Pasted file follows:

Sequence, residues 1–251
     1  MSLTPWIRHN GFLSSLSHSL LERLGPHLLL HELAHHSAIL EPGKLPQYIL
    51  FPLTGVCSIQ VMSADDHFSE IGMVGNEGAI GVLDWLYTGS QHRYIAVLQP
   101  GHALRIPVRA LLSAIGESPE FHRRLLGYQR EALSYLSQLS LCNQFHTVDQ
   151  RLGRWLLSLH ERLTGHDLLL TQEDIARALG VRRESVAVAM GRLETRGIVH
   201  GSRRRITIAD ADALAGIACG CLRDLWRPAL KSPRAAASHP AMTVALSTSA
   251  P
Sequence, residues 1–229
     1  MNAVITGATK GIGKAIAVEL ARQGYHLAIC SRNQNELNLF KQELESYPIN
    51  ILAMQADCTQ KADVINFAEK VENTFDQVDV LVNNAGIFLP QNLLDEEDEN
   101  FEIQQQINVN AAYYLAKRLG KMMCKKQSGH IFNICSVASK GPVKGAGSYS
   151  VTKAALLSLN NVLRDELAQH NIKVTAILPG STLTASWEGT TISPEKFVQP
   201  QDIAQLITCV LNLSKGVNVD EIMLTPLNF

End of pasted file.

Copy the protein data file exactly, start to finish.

Sequence, residues 1–251
     1  MSLTPWIRHN GFLSSLSHSL LERLGPHLLL HELAHHSAIL EPGKLPQYIL
    51  FPLTGVCSIQ VMSADDHFSE IGMVGNEGAI GVLDWLYTGS QHRYIAVLQP
   101  GHALRIPVRA LLSAIGESPE FHRRLLGYQR EALSYLSQLS LCNQFHTVDQ
   151  RLGRWLLSLH ERLTGHDLLL TQEDIARALG VRRESVAVAM GRLETRGIVH
   201  GSRRRITIAD ADALAGIACG CLRDLWRPAL KSPRAAASHP AMTVALSTSA
   251  P
Sequence, residues 1–229
     1  MNAVITGATK GIGKAIAVEL ARQGYHLAIC SRNQNELNLF KQELESYPIN
    51  ILAMQADCTQ KADVINFAEK VENTFDQVDV LVNNAGIFLP QNLLDEEDEN
   101  FEIQQQINVN AAYYLAKRLG KMMCKKQSGH IFNICSVASK GPVKGAGSYS
   151  VTKAALLSLN NVLRDELAQH NIKVTAILPG STLTASWEGT TISPEKFVQP
   201  QDIAQLITCV LNLSKGVNVD EIMLTPLNF